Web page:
Our second daughter Kshiti born in Sep 2016, in seemingly good health, did phenomenally well up until her first year of life. She hit all the standard milestones on time, with no indications of the tribulations that would soon follow. Sometime after she turned one, something seemed amiss as her growth started to level off and she soon began falling off the growth curve, at a frightening pace. While routine pediatric visits, categorized her as a child that failed to thrive, we feared there was more to her stalled growth and began the search for doctors, who would take our concerns seriously.
And this search brought us back home to Chennai in Jan 2018, where after an exhausting array of tests at Apollo Hospitals, our then 15 month old was diagnosed with a rare and severe mitochondrial disease called Leigh Syndrome (Detailed links provided below).
Leigh's is a rare and severely progressive Neurodegenerative condition, that as of today has no cure and offers an extremely grim prognosis, particularly if the onset is in the early years of life (infancy). Due to defective / mutated genes, mitochondria which are the power houses for our cells fail to function normally, and over a period of time the lack of energy production, eventually leads to cell death. While over 300 genetic mutations can cause Leigh Syndrome, mutations in her SURF1 gene are responsible for Kshiti’s condition.
The disease results in a progressive loss of mental and movement abilities (psychomotor regression), eventually leading to vision, cardiac, renal and respiratory complications. Children with Leigh’s typically do not make it beyond their early childhood, even if that.
While the wait during our daughter’s MRI was the longest, most painful two hours we have ever endured and one that absolutely sealed our fate; nothing in this world can ever prepare a parent to face such a devastating diagnosis! To be told your child’s illness is a rare, progressive, and terminal one, all in a matter of a few hours, is something no parent should ever have to face. When we were told at the geneticist’s office, that this was their very first case and that they knew as much about this disease as us, we knew our lives would never be the same again.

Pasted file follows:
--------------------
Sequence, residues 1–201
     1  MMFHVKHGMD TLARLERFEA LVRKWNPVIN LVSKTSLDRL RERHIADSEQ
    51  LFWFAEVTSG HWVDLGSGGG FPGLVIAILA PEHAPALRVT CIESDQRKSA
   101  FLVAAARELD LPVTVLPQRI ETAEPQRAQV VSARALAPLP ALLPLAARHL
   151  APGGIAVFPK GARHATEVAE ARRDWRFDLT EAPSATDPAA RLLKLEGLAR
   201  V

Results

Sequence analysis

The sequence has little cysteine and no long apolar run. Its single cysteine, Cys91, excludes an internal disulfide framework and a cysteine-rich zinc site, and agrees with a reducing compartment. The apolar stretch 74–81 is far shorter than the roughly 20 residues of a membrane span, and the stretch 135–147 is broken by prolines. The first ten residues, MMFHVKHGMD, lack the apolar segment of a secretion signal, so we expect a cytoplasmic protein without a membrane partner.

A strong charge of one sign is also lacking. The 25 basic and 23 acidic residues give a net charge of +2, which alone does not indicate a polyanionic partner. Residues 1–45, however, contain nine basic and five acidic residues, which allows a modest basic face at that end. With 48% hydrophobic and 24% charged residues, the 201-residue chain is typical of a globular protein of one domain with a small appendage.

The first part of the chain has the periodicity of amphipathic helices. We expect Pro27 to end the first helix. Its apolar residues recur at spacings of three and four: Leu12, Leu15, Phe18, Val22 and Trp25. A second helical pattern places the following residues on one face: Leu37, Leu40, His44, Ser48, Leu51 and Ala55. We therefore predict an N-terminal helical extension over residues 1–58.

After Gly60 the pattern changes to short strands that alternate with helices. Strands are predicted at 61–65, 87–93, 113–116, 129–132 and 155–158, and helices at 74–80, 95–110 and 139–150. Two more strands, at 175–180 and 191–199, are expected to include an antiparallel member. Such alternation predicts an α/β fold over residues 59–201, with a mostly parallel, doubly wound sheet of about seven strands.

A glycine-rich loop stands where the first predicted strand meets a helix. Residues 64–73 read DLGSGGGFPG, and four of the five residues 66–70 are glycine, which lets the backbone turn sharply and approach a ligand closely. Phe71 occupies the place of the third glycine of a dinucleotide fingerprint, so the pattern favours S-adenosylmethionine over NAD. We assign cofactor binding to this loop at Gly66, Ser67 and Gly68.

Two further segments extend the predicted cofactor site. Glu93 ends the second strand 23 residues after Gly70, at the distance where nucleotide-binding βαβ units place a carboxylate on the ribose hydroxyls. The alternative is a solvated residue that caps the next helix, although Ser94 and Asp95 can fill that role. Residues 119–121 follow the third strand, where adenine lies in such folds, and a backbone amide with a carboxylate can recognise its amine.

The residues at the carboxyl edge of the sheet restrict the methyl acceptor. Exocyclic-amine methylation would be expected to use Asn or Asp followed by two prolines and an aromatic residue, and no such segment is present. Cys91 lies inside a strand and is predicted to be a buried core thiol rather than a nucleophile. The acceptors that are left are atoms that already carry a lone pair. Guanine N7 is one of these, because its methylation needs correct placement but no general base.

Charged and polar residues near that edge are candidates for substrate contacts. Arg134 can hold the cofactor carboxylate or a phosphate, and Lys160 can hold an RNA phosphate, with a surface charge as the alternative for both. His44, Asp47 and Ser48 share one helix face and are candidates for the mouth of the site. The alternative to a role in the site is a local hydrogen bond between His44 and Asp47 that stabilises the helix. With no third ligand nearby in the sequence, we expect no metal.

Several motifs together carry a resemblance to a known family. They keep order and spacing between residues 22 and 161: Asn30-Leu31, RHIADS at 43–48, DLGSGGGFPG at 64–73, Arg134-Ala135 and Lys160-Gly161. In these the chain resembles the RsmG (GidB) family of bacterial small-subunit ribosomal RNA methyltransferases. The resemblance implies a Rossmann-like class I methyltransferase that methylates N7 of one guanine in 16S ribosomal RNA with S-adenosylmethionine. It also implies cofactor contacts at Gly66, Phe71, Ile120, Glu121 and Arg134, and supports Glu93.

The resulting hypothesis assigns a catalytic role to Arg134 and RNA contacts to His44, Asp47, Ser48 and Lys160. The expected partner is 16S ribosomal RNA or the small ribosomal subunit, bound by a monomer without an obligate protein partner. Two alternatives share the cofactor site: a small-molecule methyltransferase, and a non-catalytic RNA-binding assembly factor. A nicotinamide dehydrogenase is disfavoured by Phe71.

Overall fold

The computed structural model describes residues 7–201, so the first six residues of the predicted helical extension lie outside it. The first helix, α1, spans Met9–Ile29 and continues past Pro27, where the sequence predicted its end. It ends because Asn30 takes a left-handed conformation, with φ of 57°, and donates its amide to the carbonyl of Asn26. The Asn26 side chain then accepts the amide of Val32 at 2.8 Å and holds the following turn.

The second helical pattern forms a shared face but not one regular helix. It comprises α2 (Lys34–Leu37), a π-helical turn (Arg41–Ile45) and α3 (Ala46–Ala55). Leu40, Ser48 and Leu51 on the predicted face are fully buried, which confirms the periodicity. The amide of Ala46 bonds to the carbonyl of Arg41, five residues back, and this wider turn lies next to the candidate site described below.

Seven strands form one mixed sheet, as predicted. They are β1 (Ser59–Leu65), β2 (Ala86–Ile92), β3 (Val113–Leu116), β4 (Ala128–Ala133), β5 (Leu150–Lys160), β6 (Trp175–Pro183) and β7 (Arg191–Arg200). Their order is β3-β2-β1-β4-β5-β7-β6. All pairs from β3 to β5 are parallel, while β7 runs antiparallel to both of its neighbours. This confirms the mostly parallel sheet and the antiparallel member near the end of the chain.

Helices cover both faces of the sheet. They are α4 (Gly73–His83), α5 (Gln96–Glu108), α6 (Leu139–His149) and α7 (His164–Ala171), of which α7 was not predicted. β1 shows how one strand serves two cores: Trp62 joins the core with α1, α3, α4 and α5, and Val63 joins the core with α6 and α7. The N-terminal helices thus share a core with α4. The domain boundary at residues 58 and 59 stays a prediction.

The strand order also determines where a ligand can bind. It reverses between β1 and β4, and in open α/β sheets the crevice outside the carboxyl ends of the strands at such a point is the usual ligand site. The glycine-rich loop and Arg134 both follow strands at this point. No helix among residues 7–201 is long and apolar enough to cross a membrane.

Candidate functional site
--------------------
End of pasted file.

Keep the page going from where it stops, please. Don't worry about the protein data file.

While we spent the first few weeks crippled with fear and helplessness, watching our child slowly regress and not be able to do the normal tasks she could before with ease- eat, move around, say words; we promised ourselves that we needed to get stronger, to give her the best shot at fighting this disease. And fighting this as hard as we can is our only aim and hope now!
We came together with three other families www.curesurf1.org to initiate a research project in gene therapy targeting SURF1 Leigh Syndrome, led by a research team at UT SouthWestern in Dallas, Texas. As we begin the pre-clinical phase, it is with the hope, that this will lead to a successful clinical trial and eventually to a cure for this disease and possibly many other, similar diseases.
The lead scientist Dr. Steve Gray has done promising work in gene therapy for several other rare diseases, with one of them having made it to a successful FDA approved human clinical trial and we are hopeful our project will have a similar outcome.
Rare diseases typically do not attract the interests of the government or the big pharma as we are a statistically insignificant and non profitable segment. The burden of funding for research projects such as these, in search for a cure, therefore rests solely upon us parents who in addition to battling daily medical issues take this up willingly, simply because no one else will!
This is a time critical mission as we face the uphill task of raising $3.3M within a year, to fund the entire project from pre-clinical study initiation to a fully approved clinical trial. Funds of $100K already raised from our previous personal campaign has helped us to successfully initiate the pre-clinical phase of our project. While we are happy to share that this phase has been fully funded for, we still have a long road ahead to reach our goal.
In less than 9 months, this disease has robbed Kshiti of the abilities that most other two year olds can do with ease - eat, talk, walk and play with little to no certainty that she can achieve / regain any of these skills again. While it is an everyday fight to keep her stable, the hope and promise of a cure is what keeps us going, even on the toughest days.
Hope for a cure is the best and only shot these kids have at life. Please help their hope come true!
More useful links
Understanding Mitochondrial diseases (Reading material and Videos)
Leigh's disease explained
Leigh's Syndrome - Symptoms, Cause, Inheritance, Diagnosis and Treatment